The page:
Select Committee on Science and Technology Written Evidence


Memorandum from EEEGR


  The East of England Energy Group (EEEGR) is pleased to make this contribution to the Science and Technology Committee's investigation into Carbon Capture and Storage (CCS).

  EEEGR believes that it is essential that existing oil and gas pipelines are reused to provide transportation for Carbon Dioxide (CO2) from shore to suitable depleted offshore reservoirs. Failure to utilise these national assets would likely make the positive benefits of carbon capture and storage offshore both uneconomic and unobtainable.


  The East of England Energy Group consists of over 230 members across a wide spectrum of interests, whose common objective is to stimulate economic growth and ensure that energy in its broadest sense not only survives but thrives in the East of England. It represents every aspect of the energy industry from offshore oil and gas, through nuclear to renewable energy. It promotes the wise use of energy.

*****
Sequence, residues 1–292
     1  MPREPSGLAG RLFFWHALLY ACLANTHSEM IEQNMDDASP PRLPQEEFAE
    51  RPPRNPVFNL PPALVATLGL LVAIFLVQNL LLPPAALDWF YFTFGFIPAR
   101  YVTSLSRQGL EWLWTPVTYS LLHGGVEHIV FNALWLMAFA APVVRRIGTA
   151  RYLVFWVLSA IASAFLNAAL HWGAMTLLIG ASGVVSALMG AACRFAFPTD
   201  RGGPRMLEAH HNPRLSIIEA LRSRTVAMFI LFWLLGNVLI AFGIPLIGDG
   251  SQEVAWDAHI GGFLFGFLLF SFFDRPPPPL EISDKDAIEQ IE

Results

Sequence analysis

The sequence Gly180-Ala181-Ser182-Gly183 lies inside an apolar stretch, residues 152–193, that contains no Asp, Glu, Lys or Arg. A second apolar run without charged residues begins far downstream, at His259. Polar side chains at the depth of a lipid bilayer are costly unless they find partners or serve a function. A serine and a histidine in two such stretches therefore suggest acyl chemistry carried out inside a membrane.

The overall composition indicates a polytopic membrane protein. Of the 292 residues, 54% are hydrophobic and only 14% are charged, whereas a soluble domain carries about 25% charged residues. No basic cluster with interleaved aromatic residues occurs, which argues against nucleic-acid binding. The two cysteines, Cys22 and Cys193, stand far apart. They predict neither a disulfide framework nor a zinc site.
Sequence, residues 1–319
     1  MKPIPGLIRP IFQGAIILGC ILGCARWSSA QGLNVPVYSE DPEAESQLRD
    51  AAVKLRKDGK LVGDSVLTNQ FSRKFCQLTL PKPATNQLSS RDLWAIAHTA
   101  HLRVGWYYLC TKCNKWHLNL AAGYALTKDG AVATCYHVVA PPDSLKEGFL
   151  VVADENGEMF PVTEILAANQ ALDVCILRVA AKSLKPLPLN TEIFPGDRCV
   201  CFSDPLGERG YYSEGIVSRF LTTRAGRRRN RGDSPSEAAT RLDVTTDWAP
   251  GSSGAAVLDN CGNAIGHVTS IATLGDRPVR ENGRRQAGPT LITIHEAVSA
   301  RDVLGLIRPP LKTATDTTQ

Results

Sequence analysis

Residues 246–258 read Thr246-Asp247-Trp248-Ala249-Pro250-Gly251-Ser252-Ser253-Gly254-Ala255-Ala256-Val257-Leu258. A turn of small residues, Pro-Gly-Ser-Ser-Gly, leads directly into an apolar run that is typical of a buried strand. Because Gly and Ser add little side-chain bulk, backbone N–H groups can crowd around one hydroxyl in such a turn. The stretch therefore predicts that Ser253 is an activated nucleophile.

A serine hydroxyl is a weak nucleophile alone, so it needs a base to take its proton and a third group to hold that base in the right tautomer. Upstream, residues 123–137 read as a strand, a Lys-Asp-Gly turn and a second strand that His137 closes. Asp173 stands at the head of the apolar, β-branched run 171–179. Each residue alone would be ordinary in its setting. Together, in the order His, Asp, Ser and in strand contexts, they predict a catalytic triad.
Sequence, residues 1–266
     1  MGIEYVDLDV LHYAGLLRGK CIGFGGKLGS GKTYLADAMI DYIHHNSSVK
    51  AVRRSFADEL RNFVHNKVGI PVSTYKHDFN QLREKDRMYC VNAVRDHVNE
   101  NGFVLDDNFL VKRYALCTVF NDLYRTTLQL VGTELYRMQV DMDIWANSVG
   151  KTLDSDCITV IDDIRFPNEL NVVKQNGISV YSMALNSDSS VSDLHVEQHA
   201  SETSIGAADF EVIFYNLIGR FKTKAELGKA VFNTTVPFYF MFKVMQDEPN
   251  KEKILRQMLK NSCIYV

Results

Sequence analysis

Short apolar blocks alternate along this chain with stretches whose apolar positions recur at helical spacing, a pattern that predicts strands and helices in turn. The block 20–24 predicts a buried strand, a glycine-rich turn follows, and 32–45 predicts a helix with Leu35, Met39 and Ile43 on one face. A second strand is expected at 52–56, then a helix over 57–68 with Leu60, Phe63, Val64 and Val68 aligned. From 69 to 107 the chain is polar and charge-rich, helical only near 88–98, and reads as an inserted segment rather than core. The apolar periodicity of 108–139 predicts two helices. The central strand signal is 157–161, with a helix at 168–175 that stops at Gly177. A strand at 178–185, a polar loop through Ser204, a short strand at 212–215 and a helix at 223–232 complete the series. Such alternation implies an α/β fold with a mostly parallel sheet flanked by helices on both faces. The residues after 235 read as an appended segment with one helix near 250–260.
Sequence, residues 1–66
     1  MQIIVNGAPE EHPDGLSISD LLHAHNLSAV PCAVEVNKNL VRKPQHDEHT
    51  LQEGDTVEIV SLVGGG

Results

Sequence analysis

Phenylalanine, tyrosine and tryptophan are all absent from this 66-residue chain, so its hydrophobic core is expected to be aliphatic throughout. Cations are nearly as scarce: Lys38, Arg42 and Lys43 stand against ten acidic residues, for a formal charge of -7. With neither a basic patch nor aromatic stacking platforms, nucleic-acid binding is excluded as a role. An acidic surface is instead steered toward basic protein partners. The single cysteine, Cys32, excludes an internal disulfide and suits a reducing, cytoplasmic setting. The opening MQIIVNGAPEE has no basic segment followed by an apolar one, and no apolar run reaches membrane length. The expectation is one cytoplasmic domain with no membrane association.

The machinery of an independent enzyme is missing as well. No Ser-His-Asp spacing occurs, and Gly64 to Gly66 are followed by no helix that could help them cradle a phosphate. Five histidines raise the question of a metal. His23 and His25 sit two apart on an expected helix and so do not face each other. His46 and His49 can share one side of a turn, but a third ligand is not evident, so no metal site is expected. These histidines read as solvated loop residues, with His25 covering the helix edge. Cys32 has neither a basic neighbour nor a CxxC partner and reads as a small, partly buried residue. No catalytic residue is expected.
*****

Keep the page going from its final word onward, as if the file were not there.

We can summarise this submission as follows:

    1.  Pipelines can be reused to transport CO2.

    2.  Carbon Capture and Storage in underground reservoirs is proven.

    3.  Southern North Sea (SNS) gas fields are best placed to provide offshore storage due in part to their proximity to shore relative to depleted oil fields further north.

    4.  The East Coast gas plants eg, Bacton, Easington/Dimlington and Theddlethorpe could be used for reception and transmission of collected CO2.

    5.  The SNS gas field offshore pipeline grid is such that gas production and CO2 injection for storage can be concurrent operations.

    6.  CCS to store CO2 is different to the use of CO2 for Enhanced Oil Recovery (EOR).